After a week and a half of heavy use, I’ve settled on my favorite thing about OS X Lion — three-handed navigation!
I got one of Apple’s trackpads at Christmas, after adding one to my wishlist on a whim. And it was well made, lovely to touch, and nearly useless. There weren’t many apps that supported touch gestures, the apps that did support them I preferred to use a mouse, and the thing wasn’t very customizable. In other words: Useless.
So the pad sat on the credenza unloved and unused — until I upgraded to Lion.
It still needs more customization options, and I suspect third-party SysPrefs add ons are already in the works to do just that. But gestures are nicely integrated now into the OS. I don’t use them for rotating pictures or tap-zooming on web pages, but the thing is great for navigating through my virtual desktops in Mission Control. The touchpad is great for moving through documents and web pages, too. It has a lot more surface area than a Magic Mouse, making everything more comfortable and more accurate. Nice.
But what works for me might not work for many other people. I’m strangely non-ambidextrous. There are things I do with my left (write, mouse, shoot pool, shoot pistols, throw, catch) and and things I do with my right hand (trackpad, shoot rifle, bowl, scratch my head) — without much rhyme or reason. So the mouse goes on the left side of my keyboard and the trackpad goes on the right. So between the three it’s a good bet that at any given moment one of my hands is somewhere away from the keyboard — but still useful for getting around the screen or the document I’m working on.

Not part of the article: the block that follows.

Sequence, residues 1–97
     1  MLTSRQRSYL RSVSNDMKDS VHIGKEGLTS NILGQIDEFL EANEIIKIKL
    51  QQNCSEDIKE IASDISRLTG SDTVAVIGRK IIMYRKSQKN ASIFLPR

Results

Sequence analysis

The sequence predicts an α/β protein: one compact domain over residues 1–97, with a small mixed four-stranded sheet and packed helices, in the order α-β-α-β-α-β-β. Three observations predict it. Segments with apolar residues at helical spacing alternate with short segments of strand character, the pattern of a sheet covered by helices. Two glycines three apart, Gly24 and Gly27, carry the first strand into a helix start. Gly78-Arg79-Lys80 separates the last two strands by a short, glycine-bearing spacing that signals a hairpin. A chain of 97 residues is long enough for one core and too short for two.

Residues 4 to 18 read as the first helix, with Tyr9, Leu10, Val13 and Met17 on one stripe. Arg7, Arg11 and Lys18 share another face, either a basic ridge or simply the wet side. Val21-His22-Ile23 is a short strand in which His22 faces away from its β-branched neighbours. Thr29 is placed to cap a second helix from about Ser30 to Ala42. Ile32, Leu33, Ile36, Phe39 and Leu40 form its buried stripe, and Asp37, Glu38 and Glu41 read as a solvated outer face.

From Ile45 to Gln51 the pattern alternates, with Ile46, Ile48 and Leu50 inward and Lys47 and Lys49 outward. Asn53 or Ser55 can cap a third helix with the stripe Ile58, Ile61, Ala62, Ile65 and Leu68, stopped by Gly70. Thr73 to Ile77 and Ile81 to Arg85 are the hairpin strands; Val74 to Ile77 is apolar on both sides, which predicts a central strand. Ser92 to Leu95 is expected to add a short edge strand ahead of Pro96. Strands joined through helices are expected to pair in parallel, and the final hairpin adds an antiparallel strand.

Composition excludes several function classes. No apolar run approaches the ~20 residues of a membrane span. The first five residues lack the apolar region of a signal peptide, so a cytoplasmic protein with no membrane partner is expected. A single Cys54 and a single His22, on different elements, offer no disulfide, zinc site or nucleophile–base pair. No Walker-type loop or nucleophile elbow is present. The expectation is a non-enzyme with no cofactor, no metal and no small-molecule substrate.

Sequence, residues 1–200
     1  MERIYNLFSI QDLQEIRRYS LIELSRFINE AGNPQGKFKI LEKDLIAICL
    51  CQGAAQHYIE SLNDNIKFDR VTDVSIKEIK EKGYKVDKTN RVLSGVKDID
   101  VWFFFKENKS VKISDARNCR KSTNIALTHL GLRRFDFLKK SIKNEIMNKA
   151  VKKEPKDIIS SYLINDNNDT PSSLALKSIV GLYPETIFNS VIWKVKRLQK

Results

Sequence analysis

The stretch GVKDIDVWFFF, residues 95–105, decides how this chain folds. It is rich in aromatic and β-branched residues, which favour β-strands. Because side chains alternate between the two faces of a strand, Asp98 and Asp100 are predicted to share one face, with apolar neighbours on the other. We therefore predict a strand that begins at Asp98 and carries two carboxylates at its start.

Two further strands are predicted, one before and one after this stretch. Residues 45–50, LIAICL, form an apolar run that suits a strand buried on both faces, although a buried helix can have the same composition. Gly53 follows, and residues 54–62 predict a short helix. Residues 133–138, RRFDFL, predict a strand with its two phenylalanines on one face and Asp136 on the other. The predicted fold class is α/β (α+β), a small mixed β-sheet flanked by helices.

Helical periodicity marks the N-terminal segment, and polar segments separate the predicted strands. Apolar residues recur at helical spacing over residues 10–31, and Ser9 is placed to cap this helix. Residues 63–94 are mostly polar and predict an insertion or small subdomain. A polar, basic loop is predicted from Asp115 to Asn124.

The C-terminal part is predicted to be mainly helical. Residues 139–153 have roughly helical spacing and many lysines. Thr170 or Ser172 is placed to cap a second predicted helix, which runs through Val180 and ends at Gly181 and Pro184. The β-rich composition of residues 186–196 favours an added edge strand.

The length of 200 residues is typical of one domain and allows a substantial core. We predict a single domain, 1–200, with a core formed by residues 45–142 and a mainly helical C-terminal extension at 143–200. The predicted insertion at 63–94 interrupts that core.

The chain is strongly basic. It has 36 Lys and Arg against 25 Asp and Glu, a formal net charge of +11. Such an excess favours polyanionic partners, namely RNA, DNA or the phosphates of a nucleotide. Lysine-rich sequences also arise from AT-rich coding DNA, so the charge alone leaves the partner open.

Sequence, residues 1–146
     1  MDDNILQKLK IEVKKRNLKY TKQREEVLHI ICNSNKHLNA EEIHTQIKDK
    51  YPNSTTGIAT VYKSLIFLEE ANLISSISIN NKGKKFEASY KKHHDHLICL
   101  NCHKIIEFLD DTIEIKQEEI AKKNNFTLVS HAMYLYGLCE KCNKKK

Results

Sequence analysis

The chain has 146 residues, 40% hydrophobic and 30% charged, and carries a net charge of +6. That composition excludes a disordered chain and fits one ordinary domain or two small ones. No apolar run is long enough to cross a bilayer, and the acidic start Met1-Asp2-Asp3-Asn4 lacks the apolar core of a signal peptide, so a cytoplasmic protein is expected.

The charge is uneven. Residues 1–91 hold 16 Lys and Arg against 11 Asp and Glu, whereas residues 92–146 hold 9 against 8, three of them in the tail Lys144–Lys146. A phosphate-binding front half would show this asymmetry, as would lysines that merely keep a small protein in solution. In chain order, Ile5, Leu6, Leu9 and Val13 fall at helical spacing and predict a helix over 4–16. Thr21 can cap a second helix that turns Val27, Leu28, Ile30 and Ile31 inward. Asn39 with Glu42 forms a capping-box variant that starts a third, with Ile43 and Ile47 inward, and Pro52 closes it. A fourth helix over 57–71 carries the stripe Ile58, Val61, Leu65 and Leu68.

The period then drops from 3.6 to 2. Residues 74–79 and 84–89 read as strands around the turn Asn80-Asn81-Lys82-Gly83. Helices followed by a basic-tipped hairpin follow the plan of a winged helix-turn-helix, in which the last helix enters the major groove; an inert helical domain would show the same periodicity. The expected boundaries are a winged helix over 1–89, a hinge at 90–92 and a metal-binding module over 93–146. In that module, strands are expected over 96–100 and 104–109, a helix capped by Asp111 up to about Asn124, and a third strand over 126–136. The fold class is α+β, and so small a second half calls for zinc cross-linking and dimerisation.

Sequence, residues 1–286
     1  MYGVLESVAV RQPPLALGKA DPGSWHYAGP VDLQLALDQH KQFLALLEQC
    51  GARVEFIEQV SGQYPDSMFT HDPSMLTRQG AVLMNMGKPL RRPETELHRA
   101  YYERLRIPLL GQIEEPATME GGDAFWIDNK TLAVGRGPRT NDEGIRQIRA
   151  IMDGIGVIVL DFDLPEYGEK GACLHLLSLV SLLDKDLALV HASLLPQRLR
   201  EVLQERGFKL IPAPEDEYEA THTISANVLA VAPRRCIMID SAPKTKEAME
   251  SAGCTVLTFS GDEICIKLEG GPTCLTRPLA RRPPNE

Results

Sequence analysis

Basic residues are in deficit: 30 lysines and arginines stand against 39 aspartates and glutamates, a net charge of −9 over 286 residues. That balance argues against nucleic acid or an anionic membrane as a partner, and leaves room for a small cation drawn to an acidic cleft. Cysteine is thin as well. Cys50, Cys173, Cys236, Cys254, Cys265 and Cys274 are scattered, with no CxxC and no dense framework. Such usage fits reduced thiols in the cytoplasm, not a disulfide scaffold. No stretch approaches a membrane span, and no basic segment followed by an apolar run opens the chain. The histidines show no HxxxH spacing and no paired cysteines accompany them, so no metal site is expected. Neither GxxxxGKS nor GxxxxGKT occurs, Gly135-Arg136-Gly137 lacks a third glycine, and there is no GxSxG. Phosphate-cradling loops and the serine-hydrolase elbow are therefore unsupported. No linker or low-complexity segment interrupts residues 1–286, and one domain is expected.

If you’re all-righty or all-left, this setup might not work for you. And I’ve read of people who have given up their mice completely in favor of a trackpad. Those people are nuts. A mouse is accurate to the pixel. The trackpad is accurate to your comparatively fat fingertips. But if you can make use of both at once, I highly recommend it.